Read Write Web, July 23rd, 2012
Every online startup has a global presence, whether that’s its goal or not. For e-commerce startups the question then becomes, “Do you really want to turn down a sale just because the order comes from overseas?”
To Laurel Delaney, founder and president of Chicago-based GlobeTrade.com and creator of The Global Small Business Blog that’s like asking, “Are you really going to turn down the opportunity to go skydiving because you don’t know what precautions to take when diving out of a plane?”
Brands vs. Retailers
For some companies, however, going overseas from the start can work. “There is a difference between selling overseas as the owner of a product brand and as a retailer of other brands,” says Nate Gilmore, vice president of Shipwire, an ecommerce order fulfillment company. “Retailers have a wider variety of products, so they need to focus on their top sellers and be more margin-conscious. This doesn’t mean they shouldn’t enter overseas markets, just that they need to look at the market differently.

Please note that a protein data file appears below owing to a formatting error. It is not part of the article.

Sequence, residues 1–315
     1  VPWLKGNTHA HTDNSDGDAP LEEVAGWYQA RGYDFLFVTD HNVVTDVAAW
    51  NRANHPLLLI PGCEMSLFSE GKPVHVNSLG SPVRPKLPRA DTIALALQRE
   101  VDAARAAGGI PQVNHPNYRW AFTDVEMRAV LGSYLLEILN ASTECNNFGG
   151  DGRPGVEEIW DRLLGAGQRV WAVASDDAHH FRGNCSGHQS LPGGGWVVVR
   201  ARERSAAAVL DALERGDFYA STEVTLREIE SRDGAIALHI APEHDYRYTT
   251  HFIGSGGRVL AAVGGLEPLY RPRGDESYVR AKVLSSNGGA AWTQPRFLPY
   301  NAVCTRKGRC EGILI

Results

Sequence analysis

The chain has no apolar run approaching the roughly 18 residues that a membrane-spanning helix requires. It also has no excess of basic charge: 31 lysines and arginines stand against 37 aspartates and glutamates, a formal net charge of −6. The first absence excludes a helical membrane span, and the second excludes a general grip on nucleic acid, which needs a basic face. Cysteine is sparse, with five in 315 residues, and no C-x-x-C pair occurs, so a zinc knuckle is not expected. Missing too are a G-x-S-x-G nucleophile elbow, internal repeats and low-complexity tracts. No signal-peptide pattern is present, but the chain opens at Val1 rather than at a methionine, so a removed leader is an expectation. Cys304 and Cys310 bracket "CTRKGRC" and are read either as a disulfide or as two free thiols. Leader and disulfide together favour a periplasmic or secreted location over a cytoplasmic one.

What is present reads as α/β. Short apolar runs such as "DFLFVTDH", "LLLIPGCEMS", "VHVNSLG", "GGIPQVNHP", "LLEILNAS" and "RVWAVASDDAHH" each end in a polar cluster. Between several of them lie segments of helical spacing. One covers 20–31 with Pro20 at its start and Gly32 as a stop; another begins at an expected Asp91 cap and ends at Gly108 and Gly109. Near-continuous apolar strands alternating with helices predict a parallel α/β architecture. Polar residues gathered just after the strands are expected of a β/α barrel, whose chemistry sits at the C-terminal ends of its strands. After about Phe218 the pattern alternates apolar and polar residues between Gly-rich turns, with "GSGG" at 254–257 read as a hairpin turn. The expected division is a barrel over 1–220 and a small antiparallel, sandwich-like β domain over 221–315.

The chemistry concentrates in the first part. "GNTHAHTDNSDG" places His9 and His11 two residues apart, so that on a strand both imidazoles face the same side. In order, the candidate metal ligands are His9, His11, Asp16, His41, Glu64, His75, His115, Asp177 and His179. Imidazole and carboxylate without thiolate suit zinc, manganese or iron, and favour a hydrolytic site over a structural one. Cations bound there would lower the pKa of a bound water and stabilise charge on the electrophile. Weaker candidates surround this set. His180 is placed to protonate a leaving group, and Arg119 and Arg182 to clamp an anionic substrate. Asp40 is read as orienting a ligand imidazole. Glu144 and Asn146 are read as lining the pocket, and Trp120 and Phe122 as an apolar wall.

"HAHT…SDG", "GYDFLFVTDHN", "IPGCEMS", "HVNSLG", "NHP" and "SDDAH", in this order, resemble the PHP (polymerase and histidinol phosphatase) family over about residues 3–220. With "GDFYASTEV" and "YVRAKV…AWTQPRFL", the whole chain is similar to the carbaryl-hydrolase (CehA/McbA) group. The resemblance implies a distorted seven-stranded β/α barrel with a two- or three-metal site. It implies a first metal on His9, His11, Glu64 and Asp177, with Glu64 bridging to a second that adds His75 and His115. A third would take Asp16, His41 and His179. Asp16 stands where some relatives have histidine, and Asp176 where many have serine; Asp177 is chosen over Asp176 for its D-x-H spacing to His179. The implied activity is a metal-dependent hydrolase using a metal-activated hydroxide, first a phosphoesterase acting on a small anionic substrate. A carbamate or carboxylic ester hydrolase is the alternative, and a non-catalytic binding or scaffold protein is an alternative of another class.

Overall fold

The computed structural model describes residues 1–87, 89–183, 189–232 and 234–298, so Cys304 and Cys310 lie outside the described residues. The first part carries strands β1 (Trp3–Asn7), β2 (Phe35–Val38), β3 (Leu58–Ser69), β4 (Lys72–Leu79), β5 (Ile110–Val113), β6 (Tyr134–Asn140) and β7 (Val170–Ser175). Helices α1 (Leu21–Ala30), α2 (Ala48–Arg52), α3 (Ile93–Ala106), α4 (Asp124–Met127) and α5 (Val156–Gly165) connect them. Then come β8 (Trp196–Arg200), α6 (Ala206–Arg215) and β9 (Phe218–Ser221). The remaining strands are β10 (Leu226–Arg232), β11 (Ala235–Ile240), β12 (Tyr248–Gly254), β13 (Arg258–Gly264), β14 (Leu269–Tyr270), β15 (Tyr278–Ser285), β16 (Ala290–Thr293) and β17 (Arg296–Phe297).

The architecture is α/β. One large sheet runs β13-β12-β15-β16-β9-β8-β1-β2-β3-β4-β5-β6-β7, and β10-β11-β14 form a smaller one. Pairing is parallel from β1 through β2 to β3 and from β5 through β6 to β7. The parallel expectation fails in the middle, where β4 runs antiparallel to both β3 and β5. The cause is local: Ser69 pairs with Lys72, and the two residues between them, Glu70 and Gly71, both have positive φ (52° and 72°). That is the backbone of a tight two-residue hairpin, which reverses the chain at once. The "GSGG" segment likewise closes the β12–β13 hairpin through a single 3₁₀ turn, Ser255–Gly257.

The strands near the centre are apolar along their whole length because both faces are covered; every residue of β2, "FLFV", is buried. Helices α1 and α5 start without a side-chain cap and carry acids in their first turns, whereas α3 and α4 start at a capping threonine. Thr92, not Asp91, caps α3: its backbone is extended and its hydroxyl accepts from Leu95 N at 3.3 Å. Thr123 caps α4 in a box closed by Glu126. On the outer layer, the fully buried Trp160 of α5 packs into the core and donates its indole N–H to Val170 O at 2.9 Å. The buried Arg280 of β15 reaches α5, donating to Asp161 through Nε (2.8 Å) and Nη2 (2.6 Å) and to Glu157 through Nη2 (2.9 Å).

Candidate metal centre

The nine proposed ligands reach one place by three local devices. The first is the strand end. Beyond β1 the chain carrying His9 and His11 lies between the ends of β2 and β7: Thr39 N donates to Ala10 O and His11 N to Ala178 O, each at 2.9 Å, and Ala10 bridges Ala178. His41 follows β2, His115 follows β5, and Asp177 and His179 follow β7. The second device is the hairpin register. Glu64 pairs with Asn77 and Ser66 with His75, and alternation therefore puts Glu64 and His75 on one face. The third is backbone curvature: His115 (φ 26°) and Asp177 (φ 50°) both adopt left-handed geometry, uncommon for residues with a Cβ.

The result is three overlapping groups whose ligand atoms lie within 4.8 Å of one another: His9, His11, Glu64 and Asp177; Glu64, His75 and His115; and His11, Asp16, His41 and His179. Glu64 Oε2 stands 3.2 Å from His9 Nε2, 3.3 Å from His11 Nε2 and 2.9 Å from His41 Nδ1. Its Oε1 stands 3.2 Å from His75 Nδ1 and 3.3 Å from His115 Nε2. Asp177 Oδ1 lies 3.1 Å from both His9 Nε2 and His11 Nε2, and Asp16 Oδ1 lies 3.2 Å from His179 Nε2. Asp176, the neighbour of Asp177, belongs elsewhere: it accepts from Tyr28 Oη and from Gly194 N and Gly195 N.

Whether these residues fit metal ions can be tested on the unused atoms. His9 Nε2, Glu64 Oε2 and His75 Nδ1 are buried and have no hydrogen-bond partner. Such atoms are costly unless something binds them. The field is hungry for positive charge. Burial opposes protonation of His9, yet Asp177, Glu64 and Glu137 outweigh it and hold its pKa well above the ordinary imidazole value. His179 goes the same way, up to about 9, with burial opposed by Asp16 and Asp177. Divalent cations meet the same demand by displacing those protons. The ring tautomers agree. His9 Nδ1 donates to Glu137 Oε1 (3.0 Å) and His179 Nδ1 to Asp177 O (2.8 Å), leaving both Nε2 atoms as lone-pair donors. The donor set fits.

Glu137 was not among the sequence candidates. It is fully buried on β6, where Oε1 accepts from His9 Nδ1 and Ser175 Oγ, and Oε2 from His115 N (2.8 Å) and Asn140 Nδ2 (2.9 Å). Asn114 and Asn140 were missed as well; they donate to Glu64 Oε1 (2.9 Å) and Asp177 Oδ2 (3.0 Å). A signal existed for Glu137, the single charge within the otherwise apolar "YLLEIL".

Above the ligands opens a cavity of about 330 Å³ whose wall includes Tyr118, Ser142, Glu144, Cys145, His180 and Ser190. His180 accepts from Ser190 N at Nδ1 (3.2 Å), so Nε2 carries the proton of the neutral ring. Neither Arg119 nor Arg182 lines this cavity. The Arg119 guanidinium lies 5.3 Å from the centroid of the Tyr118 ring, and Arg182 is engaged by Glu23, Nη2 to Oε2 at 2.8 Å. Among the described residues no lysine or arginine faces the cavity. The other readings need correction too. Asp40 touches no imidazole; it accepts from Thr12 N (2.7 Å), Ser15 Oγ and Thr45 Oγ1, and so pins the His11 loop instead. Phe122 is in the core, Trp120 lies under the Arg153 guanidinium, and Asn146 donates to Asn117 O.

“Brands, on the other hand, can likely go overseas much faster to support direct sales [or] and distributors,” Gilmore explains. “They have fewer products and typically higher margins than a retailer. With a marketing plan and a fulfillment partner, there are few reasons why a brand shouldn’t look overseas right away.”
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